“The ruling in Mumia’s case confirms again that no justice can be expected from the capitalist courts. Every possible legal avenue must be pursued vigorously to challenge this recent court decision. But we cannot afford to have any illusions in fair hearings and impartial judges.”
Glenna Swinford spoke for the Freightliner 5, UAW Local 3520 members in North Carolina who were fired for leading a strike. She detailed how the UAW International bureaucrats declared the strike “illegal,” setting the workers up for victimization. “Mumia is fighting for his life, his freedom, and wrongful incarceration,” she said. “This is a battle he has fought for over 25 years. The justice system has failed him, but he still keeps fighting for his freedom, and the Freightliner 5 will continue to fight for ours.”
“We know that Mumia is innocent. We know he belongs out here with the people. He’s part of the people,” said Bill Hampton, brother of Fred Hampton, the Chicago Black Panther Party leader who along with Mark Clark was assassinated by the Chicago cops in 1969. Exonerated former death row prisoner Delbert Tibbs also endorsed and attended the protest. “If anybody believes that there is going to be justice in this system, let me tell you, I’m sorry, but you’re wrong” said immigrant rights activist Jorge Mujica, Co-Coordinator of the March 10th Committee. Mujica referred to the 1927 execution of framed-up immigrant anarchist workers Sacco and Vanzetti and the 1953 execution of Communists Julius and Ethel Rosenberg. He linked the struggle to free Mumia with the struggle for immigrant rights, pointing to the militancy that immigrant workers have brought into the U.S. labor movement.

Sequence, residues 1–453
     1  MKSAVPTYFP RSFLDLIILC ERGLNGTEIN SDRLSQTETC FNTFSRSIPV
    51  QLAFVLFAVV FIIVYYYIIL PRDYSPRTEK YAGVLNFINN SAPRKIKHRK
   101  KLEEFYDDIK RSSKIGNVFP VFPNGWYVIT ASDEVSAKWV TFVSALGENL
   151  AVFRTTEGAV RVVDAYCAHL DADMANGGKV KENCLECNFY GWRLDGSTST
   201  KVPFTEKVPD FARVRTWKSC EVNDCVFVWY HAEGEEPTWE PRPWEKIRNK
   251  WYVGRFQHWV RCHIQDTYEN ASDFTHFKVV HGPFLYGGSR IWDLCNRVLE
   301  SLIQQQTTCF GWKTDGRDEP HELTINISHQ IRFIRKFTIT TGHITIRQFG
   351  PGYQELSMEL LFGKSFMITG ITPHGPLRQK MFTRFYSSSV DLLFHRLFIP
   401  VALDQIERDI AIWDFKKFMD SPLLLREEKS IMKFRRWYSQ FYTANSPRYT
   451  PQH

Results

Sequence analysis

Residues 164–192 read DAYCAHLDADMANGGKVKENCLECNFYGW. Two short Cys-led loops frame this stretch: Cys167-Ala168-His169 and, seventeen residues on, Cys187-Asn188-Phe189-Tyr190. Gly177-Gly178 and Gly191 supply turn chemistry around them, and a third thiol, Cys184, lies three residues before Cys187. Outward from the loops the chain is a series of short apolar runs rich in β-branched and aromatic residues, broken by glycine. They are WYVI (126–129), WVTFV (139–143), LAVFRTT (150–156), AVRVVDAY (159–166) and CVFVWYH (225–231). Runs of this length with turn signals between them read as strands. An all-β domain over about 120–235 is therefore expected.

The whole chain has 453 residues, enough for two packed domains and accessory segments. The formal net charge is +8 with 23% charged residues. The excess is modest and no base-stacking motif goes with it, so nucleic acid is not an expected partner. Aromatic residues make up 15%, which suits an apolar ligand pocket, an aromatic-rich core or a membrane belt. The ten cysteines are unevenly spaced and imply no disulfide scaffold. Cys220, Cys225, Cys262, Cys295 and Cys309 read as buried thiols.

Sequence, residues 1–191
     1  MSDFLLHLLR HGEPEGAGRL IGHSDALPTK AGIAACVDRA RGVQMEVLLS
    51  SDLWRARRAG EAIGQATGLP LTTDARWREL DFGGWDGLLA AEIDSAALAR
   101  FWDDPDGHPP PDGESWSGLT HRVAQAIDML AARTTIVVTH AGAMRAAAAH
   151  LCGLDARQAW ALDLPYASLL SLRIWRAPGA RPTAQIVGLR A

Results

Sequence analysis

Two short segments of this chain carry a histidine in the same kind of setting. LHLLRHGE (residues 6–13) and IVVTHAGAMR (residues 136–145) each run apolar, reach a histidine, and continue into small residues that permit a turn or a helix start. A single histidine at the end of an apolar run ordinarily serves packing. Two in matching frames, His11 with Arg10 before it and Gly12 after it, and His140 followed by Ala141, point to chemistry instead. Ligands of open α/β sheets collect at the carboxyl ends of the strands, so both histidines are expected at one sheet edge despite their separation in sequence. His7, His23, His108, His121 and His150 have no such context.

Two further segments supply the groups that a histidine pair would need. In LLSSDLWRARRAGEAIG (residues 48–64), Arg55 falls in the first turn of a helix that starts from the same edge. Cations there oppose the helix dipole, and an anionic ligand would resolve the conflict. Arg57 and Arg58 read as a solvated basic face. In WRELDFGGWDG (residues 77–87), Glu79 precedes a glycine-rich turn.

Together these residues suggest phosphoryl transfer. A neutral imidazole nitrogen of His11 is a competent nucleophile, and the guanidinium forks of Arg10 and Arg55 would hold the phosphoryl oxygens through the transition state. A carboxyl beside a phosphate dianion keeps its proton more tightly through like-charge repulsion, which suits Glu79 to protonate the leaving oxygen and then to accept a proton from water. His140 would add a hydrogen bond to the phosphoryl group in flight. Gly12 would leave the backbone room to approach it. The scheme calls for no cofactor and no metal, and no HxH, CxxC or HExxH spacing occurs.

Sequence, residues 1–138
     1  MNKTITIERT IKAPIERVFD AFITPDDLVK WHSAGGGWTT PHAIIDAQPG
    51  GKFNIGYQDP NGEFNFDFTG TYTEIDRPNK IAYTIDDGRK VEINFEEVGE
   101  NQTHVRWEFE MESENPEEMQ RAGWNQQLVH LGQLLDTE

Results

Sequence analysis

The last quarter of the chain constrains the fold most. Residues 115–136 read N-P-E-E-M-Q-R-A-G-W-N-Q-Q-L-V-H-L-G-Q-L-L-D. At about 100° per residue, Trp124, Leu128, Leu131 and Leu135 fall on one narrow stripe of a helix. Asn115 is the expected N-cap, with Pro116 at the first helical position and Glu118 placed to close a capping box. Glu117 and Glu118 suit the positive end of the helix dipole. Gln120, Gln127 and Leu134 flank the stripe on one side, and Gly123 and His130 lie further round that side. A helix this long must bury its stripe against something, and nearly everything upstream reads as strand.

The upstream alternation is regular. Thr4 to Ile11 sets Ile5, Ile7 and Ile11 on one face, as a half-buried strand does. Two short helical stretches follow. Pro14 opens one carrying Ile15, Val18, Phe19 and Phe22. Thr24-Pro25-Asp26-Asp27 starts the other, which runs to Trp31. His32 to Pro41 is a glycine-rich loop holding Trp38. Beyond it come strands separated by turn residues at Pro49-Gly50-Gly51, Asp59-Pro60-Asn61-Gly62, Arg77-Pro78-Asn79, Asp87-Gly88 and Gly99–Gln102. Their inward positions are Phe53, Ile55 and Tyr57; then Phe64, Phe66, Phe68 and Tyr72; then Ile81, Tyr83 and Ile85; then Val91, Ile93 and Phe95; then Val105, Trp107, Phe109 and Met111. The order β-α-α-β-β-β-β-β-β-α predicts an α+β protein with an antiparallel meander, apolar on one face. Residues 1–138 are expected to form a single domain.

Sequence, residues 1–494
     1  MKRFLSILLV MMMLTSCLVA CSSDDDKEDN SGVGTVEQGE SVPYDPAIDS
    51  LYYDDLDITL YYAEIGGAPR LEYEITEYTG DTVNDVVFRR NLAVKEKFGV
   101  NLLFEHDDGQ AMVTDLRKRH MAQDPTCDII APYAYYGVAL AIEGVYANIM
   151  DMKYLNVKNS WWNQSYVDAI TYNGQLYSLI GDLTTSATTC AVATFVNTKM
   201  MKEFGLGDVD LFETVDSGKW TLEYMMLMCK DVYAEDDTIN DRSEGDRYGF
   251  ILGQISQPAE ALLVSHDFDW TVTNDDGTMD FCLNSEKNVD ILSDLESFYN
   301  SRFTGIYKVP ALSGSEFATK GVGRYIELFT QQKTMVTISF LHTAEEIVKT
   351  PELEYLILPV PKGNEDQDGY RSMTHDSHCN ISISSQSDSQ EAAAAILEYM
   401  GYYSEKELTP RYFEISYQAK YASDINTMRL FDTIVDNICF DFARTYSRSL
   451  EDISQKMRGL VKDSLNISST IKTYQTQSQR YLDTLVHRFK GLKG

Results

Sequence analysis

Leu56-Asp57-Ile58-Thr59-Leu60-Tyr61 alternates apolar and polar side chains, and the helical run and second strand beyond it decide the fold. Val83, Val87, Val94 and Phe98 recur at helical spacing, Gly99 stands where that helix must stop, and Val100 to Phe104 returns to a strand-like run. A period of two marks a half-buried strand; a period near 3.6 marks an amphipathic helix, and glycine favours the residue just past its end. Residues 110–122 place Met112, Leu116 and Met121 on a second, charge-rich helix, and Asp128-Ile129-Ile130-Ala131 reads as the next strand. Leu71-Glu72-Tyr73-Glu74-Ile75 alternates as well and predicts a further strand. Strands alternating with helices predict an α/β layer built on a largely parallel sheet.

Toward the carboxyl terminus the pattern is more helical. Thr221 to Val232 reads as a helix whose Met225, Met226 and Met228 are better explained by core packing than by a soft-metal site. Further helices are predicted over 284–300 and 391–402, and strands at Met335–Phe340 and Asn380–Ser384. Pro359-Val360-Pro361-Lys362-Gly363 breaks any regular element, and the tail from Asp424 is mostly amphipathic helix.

Earl Silbar, a retired member of AFSCME Local 3506, paid tribute to the power of Mumia’s journalism. He also remarked, “The fact is I never would have been involved if it weren’t for my subscribing to the Spartacist paper
. Despite any and all disagreements, the Spartacist League has been consistent over many, many years
in raising Mumia’s case and keeping people informed and bringing people out and so I want to pay tribute to them for that and for this rally.”
The rally began with demonstrators listening to a recording of the moving speech made by Mumia’s daughter, Goldii, at the March 28 PDC demonstration in New York, where she underlined that the rulers want to kill Mumia “because they are afraid of him, because of his eloquence, his intelligence” (Goldii’s speech is available at: www.partisandefense.org/pubs/articles/videos0408.html). Greetings to the rallies were read from Mumia’s son, Jamal Hart, who has been in prison since 1997 for bogus weapons charges in retaliation for defending his father.